U.S. Seeks Extradition of Indian American Man and Wife Who Fled to India After His Step Son Went Missing in Texas
- Arshdeep Singh and his wife Cindy Rodriguez Singh have been charged with child abandonment and endangerment.
Police in Everman, Texas are working with federal authorities to extradite Indian American Arshdeep Singh who fled to India with his wife Cindy Rodriguez Singh and her six children. The couple has reportedly been in India since November, a few weeks after Singh’s step son Noel Rodriguez-Alvarez went missing.
Last week, police levied another charge on Singh, in addition to the child abandonment and endangerment in the missing boy’s case, news reports quoted Everman Police Chief Craig Spencer as saying.
Singh, 35, has been charged with stealing $10,000 in cash from his employer before fleeing to India. Right after that, Cindy Rodriguez-Singh, went with six of her children to apply for passports on Nov. 1, shortly after the birth of her twin daughters and after Noel was last seen, Fort Worth Star-Telegram reported. She bought plane tickets to India via a connecting flight in Istanbul, Turkey, according to Everman police, who are leading the investigation. Singh used his credit card to purchase the plane tickets. “We want these fugitives arrested and extradited to the United States so that we can seek answers for the disappearance of Noel,” Spencer said at an April 25 press conference.
Singh delivered products to convenience stores and hours before leaving the country last month “he allegedly forged documents to hide the theft of $10,000 in cash from his employer,” Spencer said. He said the investigators looking into a large deposit alerted the company to the altered document and missing money.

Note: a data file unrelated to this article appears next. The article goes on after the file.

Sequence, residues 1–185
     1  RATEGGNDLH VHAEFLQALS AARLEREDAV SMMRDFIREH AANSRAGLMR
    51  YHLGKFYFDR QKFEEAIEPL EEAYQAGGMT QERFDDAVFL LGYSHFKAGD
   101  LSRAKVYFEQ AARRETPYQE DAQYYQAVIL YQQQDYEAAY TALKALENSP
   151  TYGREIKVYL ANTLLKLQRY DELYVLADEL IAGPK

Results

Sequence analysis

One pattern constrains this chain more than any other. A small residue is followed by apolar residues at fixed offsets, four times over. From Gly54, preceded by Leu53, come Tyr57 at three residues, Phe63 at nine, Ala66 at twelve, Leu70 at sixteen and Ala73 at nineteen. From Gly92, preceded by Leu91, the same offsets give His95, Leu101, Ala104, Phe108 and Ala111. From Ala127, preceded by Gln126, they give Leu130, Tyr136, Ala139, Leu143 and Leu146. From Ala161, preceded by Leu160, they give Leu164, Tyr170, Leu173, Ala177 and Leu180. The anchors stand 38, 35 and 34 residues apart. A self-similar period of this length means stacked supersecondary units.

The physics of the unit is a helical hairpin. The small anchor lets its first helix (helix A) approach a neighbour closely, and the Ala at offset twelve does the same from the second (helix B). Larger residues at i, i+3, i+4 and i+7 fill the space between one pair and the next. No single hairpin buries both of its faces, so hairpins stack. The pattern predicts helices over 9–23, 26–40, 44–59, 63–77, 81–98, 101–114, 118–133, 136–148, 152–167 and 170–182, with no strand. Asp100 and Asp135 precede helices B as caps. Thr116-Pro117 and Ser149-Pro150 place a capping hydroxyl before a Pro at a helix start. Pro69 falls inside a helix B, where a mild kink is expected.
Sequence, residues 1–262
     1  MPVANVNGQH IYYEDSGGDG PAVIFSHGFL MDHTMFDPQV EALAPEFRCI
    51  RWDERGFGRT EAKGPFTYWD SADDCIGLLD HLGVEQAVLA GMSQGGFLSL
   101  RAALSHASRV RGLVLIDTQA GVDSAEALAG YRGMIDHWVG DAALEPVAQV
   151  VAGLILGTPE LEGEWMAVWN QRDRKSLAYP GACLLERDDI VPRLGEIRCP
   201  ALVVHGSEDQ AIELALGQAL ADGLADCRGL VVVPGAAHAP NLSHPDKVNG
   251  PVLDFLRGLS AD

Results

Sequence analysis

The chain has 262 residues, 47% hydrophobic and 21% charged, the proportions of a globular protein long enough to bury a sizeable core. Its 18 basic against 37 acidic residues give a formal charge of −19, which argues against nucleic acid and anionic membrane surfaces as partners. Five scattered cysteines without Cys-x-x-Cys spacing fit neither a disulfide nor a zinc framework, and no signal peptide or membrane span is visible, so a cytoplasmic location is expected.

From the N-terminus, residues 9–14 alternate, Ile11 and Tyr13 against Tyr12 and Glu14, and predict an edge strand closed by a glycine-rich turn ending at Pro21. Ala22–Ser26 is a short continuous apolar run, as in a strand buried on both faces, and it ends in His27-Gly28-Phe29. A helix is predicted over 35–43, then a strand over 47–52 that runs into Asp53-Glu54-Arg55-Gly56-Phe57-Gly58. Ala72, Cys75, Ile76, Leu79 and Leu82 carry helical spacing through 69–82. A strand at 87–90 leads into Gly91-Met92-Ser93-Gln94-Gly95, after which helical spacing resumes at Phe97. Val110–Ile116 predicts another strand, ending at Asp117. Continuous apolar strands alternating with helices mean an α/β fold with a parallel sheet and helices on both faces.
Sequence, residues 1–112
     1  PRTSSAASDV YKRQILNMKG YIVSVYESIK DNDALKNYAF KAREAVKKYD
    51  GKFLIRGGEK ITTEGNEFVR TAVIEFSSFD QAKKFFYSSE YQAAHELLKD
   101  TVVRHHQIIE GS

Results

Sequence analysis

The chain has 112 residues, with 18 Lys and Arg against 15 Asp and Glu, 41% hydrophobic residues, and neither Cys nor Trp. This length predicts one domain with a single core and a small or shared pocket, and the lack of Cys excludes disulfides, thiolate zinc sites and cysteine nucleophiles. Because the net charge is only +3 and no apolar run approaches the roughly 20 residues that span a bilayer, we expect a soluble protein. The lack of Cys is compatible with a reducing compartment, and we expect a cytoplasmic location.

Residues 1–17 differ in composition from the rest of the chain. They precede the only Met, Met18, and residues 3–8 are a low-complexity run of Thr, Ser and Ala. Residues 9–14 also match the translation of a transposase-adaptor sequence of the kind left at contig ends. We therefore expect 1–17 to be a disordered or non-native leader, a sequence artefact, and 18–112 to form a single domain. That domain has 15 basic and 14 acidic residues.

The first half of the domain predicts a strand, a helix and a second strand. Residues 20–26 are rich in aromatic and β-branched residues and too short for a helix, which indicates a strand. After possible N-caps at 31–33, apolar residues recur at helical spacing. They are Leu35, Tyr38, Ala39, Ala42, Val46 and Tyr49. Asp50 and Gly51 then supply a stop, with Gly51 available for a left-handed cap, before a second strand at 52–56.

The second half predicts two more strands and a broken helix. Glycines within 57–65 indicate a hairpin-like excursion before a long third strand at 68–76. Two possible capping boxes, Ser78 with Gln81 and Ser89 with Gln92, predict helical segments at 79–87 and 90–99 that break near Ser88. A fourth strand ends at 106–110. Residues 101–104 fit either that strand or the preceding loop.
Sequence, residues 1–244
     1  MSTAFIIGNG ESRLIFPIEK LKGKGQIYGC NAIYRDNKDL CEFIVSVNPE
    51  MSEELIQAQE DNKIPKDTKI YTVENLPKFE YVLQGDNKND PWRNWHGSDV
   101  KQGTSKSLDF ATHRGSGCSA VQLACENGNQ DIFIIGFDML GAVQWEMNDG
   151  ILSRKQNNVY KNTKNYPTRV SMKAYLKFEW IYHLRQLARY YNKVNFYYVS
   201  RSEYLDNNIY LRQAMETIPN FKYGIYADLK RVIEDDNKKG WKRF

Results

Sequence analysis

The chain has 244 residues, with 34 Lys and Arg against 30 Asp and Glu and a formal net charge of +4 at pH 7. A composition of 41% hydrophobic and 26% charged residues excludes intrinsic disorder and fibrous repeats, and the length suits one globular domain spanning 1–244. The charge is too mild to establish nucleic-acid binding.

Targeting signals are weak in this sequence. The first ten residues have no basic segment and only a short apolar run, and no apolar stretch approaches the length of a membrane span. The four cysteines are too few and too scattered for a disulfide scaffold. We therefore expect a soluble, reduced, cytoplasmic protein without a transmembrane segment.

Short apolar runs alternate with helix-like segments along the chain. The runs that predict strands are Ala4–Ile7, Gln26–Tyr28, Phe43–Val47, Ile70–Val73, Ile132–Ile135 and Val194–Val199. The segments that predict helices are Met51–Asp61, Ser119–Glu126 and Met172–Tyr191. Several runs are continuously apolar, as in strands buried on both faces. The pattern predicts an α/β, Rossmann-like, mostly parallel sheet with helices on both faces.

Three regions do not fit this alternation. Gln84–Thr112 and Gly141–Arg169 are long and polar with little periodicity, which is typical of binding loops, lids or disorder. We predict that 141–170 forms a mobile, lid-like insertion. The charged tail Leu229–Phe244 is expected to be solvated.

Spencer said he hopes that in addition to their charges, the fact that the Singhs are “being wanted for questioning in a death investigation could add even more urgency to the case,” as reported by NBC News. He said the police are working with federal partners including the FBI to collaborate with Indian officials to extradite the couple home. U.S. and India have an extradition treaty, which aims to “enhance cooperation between the law enforcement authorities of both countries, and thereby make a significant contribution to international law enforcement efforts.”
Singh worked at a convenience store chain, AGHA Enterprises, and had access to the company’s financial records and even safes in stores, per the Fort Worth Star-Telegram report. His employer, Mohammed Khan, told the Star-Telegram that Singh was hired about two and a half years ago to manage purchasing merchandise for stores and help with banking. Noting that he “never would have imagined Singh would be involved in anything criminal.,” he described his employee as “a happy person, and a hard worker who would do anything he could to help the business succeed.” Khan told the Star-Telegram that since Noel went missing, “he hadn’t noticed or been told about any changes in Singh’s behavior or personality.”
Singh married Rodriguez-Singh two years ago, according to the Star-Telegram. Prior to their marriage. She Rodriguez-Singh was living in the home of Charles Parson, described by the Star-Tribune as “an elderly man in Everman.” She was Hsleeping in a car outside his house with her children and he invited them to use his two spare bedrooms, he told the paper. After she married Singh, they built a shed in Parson’s back yard to expand living space.
Although it’s unclear exactly when he moved to the U.S. Parson told Star-Telegram that he “always gave the impression of a father figure who wanted to spoil his children.”
According to the Star-Telegram report, Rodriguez-Singh lost the custody of “at least some of her children” in 2020, and “was put on probation after an incident in Her mother told the paper last month she wants her daughter to return to the U.S. and tell authorities where to find Noel’s body, adding that “if she’d known he was being mistreated or that his mother couldn’t care for him, she would have taken him in.” Meanwhile, Noel was sent to live with foster parent Patricia Parris, who described Noel as a caring, fun and lovable child, the Star-Telegram reported.